At the beginning of His public ministry Christ identified Himself as the fulfillment of Isaiah 61:1, announcing that God had sent Him to proclaim liberty to captives. Intellectuals like Albert Jay Nock had been applying Christ’s libertarianism to economics for at least two decades before Kevin Kruse suggests the fusion began. If Schulson wants to argue that Christ’s libertarianism is irrelevant to economics, the ball is in his court.

    Cory wrote:
    >“The Christian libertarians seem to conflate God with the Invisible Hand: intruding on the free market with the minimum wage and collective bargaining interferes with God’s will.”

    As I’ve noted at DFP before, the Bible indicates that God works all things after the counsel of His will. All things would obviously include any ill-advised intrusions upon the free market. Maybe some Christian libertarians conflate God with Adam Smith’s invisible hand, but I’m pretty sure most of us don’t.

    I’m just picking a couple of nits here, Cory. Overall I thought this was an outstanding, thought-provoking blog post. If we have to disagree, at least we’re disagreeing about things that are important.

  5. larry kurtz

    Kurt Evans: you’re a freaking nutcase.

  6. Deb Geelsdottir

    That sound you hear is me running down the street, screaming and tearing my hair out.

    Jesus would have no recognition of this bastardized, pseudo-Christianity. The Christianists draw on one of the most powerful tools of manipulation that exists. That’s what religion is for all the religious extremists, a tool.

  7. Mr. Evans, this is probably the least important thing I have ever read on this blog.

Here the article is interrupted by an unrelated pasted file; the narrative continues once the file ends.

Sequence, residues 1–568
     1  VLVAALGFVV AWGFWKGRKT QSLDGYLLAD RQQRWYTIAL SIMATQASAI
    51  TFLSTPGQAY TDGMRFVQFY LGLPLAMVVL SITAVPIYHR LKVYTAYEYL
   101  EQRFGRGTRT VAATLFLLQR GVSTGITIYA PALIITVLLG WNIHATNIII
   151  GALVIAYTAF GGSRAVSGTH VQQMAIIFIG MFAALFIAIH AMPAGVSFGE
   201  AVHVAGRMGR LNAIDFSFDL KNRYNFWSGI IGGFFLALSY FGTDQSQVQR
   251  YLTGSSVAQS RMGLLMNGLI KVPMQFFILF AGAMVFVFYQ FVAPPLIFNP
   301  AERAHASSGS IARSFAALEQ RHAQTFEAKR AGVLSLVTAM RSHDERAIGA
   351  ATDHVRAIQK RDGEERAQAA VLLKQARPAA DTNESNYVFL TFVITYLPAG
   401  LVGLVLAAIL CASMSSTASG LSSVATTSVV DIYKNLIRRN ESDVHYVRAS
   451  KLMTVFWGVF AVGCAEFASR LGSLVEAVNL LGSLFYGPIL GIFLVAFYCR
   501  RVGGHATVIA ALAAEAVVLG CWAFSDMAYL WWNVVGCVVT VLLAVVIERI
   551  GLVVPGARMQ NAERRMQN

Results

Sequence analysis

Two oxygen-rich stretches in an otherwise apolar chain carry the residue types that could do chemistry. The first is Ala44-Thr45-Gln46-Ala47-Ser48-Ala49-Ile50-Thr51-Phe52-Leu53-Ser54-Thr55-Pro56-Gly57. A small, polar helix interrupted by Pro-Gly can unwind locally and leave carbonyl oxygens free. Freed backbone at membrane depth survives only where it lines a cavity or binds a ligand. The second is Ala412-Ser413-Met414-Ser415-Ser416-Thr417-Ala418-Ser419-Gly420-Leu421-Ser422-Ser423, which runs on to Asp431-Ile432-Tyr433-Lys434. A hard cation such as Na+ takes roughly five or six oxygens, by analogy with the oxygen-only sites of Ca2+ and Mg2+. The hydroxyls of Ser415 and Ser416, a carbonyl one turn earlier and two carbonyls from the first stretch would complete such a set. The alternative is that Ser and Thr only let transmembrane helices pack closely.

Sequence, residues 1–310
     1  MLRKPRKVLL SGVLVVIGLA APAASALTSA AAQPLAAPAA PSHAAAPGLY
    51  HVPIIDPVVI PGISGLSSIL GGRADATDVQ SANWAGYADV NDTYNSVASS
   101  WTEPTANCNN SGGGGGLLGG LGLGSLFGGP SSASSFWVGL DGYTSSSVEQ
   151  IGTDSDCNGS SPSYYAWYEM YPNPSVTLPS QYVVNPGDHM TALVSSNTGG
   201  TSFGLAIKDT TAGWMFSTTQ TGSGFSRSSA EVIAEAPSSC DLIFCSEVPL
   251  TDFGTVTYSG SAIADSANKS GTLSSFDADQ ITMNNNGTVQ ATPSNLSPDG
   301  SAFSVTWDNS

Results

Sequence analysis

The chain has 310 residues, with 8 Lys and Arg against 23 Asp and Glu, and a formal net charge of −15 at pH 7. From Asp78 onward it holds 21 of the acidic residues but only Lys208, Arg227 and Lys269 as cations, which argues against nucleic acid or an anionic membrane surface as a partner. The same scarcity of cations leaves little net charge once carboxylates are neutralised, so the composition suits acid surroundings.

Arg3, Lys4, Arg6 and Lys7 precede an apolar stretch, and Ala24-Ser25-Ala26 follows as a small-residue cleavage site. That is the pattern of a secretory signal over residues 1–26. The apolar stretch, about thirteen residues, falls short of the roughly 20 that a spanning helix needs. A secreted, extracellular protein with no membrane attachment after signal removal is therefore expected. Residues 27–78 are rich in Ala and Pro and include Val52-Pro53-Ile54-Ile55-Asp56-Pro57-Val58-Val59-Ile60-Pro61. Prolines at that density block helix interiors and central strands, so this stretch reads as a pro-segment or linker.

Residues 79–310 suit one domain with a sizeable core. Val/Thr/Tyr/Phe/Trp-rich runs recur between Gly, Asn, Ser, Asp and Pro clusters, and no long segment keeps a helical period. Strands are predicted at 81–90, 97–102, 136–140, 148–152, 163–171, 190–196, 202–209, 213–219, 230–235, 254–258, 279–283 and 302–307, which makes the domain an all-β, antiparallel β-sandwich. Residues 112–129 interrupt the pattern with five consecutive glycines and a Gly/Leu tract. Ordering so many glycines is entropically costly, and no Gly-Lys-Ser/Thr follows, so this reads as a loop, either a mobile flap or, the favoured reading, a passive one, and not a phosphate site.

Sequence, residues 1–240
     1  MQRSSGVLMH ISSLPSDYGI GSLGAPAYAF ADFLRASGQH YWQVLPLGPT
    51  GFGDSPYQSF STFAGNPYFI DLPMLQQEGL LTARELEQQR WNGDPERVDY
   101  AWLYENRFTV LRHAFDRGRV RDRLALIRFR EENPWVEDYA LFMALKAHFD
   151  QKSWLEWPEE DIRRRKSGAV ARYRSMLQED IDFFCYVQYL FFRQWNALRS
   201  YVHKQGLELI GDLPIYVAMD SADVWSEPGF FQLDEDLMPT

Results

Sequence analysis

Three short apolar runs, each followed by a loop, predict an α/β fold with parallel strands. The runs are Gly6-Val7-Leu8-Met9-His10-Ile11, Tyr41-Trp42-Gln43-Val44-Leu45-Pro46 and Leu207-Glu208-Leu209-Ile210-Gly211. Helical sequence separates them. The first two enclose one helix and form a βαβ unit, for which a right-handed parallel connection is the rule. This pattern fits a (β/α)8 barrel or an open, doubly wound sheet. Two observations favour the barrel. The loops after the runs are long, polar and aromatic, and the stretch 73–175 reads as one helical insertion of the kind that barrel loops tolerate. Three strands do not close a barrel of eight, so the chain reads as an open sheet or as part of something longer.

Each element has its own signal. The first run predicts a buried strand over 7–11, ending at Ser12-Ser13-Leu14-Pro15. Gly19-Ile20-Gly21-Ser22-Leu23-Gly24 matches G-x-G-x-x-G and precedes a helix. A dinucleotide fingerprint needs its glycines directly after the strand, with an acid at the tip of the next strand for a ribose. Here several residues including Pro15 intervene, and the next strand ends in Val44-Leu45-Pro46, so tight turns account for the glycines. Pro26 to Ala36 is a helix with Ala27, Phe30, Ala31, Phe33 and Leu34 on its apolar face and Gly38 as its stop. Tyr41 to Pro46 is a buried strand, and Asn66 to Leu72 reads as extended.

God moved north.

  8. Roger Cornelius

    I was wondering what the hell that noise was.

    Anyway, I just heard that the definition of a libertarian is a republican that you block on Twitter.

  9. If everything is God’s will, then why should we argue about government regulation of the marketplace? Regulation is as much an expression of God’s will as market forces. No matter what we choose, it’s God’s will.

    That’s why “God’s will” doesn’t help me sort out policy. It provides no solid ground for any policy argument.

    Christians vs. Christianist—that’s a distinction I need to remember, Deb! The corporate Christianists are abusing Christianity to make an argument that Christianity does not make.

  10. Richard Schriever

    Not only that, but a little earlier in Isaiah, God reveals He is not all goodness and light, but also the sole source of all evil and darkness.

    Isaiah 45:7King James Version (KJV)

    7 I form the light, and create darkness: I make peace, and create evil: I the Lord do all these things.

    So, you see, claiming whatever you’re up to is “the will of God” is a handy dandy excuse for all kind of evil despicable stuff.

    Okay – so how about a simple secular morality that just puts one’s fellow human beings as one’s first concern???? Anyone???

  11. Cory asks:
    >>“If everything is God’s will, then why should we argue about government regulation of the marketplace?”

    Because it’s God’s will for us to argue about it, obviously (ha ha).

    Cory continues:
    >“Regulation is as much an expression of God’s will as market forces. No matter what we choose, it’s God’s will. That’s why ‘God’s will’ doesn’t help me sort out policy. It provides no solid ground for any policy argument.”

    Richard Schriever references Isaiah 45:7 and adds:
    >“So, you see, claiming whatever you’re up to is ‘the will of God’ is a handy dandy excuse for all kind of evil despicable stuff.”

    You guys both make great points. I’m reminded of how belief in “manifest destiny” has been cited as justification for U.S. annexation of Native American lands during the 1800s. That kind of reasoning ignores the Bible’s teachings that it’s God’s will to allow the temporary coexistence of good and evil.

    The mere observation that westward expansion was destiny and God’s will isn’t a blanket exoneration for every act committed in the process, any more than it’s an exoneration for the millions of murders committed under Joseph Stalin. As Cory observes, it doesn’t even provide solid ground for justifying expansionary policy in the first place.

    I’m not saying all westward expansion was evil. Some probably was; some probably wasn’t. My point is only that God’s will or “manifest destiny” adds no moral weight to arguments either for or against it.